Author(s): Dietz C, Swinkels SH, Buitelaar JK, van Daalen E, van Engeland H
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Abstract AIM: To investigate cognitive development in preschool-age children diagnosed with Autistic Spectrum Disorder (ASD; N = 39) compared with that of children diagnosed with mental retardation (MR; N = 14) and normally developing children (NC; N = 36). METHOD: In a prospective longitudinal study, cognitive development was tested at age 24 months (T1; SD = 6 months) and 43 months (T2; SD = 5). RESULTS: Group IQ scores were stable between T1 and T2 as evidenced by high correlations (r = .81, P < .01) and consistency of average group scores. At the same time however, about a third of children with ASD showed an increase of cognitive scores of 15 points or more. This increase of IQ was correlated with lower scores at the early screening of autistic traits (ESAT) at T1, higher IQ level at T2 and higher expressive language skills at T2. Intensity of treatment was not related to IQ increase. CONCLUSIONS: High correlations between cognitive scores in preschool children with ASD suggest that measurements of cognitive function are valid at this age. We found indications of both stability and change of IQ scores. Findings suggest that some children with ASD show catch-up intellectual development. To the best of our knowledge, this increase in IQ scores cannot be attributed to treatment effects.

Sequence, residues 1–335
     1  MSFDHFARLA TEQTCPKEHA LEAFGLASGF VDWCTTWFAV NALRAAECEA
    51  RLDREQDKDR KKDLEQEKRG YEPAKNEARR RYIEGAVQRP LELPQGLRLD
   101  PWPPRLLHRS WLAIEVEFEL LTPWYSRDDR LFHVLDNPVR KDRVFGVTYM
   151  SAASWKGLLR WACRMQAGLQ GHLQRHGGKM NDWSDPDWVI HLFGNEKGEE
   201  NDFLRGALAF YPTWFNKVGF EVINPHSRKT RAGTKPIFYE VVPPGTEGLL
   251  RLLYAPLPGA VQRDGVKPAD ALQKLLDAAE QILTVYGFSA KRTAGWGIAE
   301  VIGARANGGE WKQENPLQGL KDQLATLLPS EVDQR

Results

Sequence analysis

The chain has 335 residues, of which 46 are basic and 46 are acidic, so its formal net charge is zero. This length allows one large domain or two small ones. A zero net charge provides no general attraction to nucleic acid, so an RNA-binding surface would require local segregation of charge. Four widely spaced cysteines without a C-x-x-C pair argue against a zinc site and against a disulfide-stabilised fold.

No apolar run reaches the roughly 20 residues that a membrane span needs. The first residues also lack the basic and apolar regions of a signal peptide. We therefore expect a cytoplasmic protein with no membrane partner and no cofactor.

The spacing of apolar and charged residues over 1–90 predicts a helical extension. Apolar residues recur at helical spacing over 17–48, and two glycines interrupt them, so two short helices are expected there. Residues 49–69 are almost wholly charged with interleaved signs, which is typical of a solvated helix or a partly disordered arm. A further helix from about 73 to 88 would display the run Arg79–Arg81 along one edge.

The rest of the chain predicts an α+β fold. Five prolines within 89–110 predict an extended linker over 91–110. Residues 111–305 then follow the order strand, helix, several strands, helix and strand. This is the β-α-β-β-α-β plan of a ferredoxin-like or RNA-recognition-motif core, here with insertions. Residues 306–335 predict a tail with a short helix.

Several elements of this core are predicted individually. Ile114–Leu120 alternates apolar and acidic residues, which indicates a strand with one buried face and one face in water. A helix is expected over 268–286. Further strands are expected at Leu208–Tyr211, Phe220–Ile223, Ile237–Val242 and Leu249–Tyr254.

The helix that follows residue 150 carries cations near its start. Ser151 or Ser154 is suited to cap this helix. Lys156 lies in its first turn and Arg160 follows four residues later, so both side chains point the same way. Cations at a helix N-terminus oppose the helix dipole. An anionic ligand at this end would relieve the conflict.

This article was published in Eur Child Adolesc Psychiatry
and referenced in Air & Water Borne Diseases